Dedicated Volunteers Don’t Quit The Game Even After Their Kids Do


We've all seen the famous picture of Bobby Orr flying through the air like Superman.

Then just 21 years old, #4 had just potted the game-winner in overtime - clinching the Stanley Cup for the Boston Bruins - before tripping over goalie Glenn Hall's stick and into the history books.

But here's a piece of trivia for hockey heads: Who set up Orr from behind the net on that score? 

We all remember Bobby Orr, but his iconic moment doesn't happen without an assist from Derek Sanderson or the hustle of Don Awrey.

While it may not be the Stanley Cup Finals, it's not a stretch to point out that our own young skater's moments in the sun don't happen with an assist here or there, or plenty of hustle behind the scenes.

I'm sure your local team, like our Syracuse Nationals Girls' squad, wouldn't run as efficiently without our team parents - such as Jennifer Thieben, John and Angela Cipullo - booking hotels, coordinating travel, finances, team dinners and the dreaded fundraising ideas.

Still, there's another team that is integral for all teams to succeed and they're not in it for their kids. In fact, they no longer have kids who play hockey. They're members of the wonderful world of volunteers.

For my son's former coach, it's all about giving back to the game that has given so much to him and his children. After Mike Zandri's children went off to college, he was asked to coach an initiation program. I spotted him on the job one day at the rink and was caught by complete surprise to see a familiar face among the fresh new faces of the littlest skaters in the rink. Bending down, smiling and laughing.

It was in sharp contrast to my memories of the intense Bantam coach who led intense practices and was always ready to draw something up on his white board.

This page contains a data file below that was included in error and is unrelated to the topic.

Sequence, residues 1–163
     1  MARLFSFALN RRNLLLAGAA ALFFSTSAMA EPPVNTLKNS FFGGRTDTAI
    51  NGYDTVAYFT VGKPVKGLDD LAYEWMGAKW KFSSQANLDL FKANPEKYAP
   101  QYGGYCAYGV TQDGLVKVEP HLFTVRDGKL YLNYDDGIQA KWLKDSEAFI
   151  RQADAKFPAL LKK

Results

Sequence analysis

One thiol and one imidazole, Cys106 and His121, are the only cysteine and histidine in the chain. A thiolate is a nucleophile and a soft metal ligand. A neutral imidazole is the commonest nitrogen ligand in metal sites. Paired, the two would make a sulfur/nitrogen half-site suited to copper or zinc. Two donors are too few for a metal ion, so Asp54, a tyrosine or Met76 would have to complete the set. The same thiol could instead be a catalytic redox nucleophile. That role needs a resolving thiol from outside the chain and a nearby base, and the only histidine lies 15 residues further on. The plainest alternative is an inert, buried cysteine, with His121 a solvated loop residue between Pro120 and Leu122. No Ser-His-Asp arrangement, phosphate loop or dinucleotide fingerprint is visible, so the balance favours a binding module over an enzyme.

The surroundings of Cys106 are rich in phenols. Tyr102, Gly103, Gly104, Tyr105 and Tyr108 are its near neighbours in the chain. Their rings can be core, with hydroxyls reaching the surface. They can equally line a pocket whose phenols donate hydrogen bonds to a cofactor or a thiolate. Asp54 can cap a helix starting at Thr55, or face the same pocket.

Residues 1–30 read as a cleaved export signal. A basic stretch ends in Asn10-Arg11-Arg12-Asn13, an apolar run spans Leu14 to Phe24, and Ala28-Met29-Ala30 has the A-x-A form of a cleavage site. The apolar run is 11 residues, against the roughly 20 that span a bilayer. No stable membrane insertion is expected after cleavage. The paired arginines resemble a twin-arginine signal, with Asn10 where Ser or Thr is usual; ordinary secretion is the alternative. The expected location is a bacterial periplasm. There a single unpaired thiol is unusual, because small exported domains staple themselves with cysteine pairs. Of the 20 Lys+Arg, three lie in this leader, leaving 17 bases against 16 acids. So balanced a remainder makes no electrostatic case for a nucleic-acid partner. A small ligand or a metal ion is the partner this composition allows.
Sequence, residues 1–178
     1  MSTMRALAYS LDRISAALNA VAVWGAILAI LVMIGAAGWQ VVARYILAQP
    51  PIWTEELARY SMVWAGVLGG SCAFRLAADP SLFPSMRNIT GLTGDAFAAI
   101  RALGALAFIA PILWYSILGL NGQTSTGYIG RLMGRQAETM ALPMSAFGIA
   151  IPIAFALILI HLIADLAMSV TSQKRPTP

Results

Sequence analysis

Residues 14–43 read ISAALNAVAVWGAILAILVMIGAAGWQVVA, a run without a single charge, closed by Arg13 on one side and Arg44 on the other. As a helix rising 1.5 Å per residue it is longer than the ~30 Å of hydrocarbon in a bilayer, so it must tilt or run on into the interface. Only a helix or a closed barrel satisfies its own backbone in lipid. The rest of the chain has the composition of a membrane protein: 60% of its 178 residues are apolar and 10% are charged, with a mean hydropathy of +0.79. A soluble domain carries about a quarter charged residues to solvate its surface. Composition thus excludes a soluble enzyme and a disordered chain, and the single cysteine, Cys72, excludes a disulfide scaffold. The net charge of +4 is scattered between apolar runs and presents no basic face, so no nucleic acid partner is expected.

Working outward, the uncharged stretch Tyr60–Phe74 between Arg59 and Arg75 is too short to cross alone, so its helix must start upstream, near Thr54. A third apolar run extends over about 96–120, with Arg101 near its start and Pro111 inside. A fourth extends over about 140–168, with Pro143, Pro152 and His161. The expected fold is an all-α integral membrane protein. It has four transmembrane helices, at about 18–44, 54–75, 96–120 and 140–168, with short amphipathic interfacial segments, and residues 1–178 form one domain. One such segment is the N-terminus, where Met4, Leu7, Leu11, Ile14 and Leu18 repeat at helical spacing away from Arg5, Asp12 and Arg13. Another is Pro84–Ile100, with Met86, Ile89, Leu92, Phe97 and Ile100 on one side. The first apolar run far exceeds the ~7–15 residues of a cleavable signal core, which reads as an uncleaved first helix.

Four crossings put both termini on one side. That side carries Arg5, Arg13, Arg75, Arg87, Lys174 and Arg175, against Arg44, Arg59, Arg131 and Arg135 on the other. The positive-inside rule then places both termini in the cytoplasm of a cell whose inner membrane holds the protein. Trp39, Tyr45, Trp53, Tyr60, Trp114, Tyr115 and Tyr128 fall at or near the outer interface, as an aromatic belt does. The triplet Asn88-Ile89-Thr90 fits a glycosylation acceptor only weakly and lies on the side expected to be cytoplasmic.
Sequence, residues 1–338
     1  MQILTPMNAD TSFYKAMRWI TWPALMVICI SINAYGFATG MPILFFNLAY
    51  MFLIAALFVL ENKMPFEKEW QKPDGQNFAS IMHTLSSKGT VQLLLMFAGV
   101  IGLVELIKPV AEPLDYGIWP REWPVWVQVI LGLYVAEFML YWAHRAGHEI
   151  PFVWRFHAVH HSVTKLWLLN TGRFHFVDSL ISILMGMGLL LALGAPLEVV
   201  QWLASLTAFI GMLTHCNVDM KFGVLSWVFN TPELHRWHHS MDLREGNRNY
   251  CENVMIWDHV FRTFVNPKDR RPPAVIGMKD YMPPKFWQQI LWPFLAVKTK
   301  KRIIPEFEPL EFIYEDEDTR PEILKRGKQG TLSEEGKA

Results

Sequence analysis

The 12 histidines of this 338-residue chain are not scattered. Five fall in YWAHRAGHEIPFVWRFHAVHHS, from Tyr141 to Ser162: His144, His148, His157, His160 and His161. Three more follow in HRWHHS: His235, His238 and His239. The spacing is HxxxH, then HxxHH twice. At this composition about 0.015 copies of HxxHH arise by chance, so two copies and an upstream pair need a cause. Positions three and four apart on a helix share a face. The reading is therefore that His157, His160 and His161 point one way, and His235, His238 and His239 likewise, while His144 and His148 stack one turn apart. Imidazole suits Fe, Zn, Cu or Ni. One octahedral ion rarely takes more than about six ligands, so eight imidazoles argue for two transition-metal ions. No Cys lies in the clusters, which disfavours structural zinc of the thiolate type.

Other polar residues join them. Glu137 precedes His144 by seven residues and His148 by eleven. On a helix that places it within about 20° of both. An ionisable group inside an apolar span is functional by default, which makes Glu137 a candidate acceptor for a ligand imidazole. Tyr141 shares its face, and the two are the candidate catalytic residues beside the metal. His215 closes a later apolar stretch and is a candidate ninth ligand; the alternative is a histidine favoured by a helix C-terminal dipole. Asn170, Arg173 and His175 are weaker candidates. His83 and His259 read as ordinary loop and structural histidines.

"It is very different without my own child," Zandri admits. "I don't have to get anyone home to do homework or chores or anything else. This leaves time to answer parents and coach questions, mostly to share all aspects of the game."

The same holds true for Chuck Gridley, who wears many hockey hats within the USA Hockey family. In addition to coaching three teams, he is the New York District coach in chief, serves as an instructor for the Coaching Education Program and is on several other committees. His son, who he used to coach, now helps him coach all three teams, including the CNY Flyers Sled Hockey Team. 

"It's been great to have the opportunity to not only coach my son when he was young, but to now be able to work with him as a coach," Gridley says.

A love of the game and a desire to share that with the next generation of hockey players keeps Gridley in the game.

"My involvement with the Coaching Education Program gives me the opportunity to help shape the next generation of coaches, and have a real and lasting impact on the game," he says.

There are plenty of volunteer opportunities, Gridley says, who believes it's an asset to have experienced coaches and administrators who are not connected to a child on the team.

The hockey season can take a lot from us - time, warmth, money and even a little bit of our sanity. But if we look at how the game rewards our families with lessons and friends will last a lifetime, it's easy to see why volunteers are so eager to give back.

After all, once you've been through the ringer as a hockey parent, you know how much everyone can use an assist and some hustle to help the next generation soar through the air.

 

Issue: 
2019-03

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